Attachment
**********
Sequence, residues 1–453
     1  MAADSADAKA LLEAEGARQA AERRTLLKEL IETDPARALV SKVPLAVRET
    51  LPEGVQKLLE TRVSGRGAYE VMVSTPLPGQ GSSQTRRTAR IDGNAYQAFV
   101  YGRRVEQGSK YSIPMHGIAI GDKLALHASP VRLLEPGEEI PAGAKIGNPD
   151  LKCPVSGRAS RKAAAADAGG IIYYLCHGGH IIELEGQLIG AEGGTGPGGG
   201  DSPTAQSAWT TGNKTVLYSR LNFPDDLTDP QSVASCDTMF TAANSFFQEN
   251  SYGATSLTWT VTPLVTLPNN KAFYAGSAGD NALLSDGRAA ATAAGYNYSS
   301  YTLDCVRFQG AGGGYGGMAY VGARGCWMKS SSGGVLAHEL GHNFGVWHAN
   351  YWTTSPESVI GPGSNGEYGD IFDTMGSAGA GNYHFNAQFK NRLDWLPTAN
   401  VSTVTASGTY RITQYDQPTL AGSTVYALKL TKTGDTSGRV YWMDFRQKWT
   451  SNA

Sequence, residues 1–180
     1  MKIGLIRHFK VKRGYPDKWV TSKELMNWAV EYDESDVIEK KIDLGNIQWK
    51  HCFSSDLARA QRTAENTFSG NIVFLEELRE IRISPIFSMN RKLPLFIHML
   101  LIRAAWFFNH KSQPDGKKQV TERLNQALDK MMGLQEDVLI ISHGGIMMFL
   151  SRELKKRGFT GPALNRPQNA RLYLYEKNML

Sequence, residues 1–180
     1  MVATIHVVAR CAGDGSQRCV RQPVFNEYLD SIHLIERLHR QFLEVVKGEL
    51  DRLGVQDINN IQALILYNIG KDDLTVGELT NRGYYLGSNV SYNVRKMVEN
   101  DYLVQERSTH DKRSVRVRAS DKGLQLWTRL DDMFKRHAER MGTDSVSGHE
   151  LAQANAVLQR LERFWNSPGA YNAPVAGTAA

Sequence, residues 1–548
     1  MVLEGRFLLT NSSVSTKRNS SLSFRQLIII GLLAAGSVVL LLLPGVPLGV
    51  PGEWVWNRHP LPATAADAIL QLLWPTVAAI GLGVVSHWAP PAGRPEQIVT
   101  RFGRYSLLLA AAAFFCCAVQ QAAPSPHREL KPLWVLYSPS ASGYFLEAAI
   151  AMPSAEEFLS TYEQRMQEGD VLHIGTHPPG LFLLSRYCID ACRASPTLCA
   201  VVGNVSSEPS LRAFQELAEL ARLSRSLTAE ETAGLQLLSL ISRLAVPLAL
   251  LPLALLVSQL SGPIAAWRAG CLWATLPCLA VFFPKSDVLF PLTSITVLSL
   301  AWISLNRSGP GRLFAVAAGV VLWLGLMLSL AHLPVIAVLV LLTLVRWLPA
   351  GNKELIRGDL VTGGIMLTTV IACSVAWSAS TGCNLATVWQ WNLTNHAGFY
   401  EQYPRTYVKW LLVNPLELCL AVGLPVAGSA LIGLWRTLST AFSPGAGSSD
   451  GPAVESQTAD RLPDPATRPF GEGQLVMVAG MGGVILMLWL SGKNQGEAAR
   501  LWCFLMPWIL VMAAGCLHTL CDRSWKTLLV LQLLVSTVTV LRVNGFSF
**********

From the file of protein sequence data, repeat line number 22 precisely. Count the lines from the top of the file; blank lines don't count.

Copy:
Sequence, residues 1–548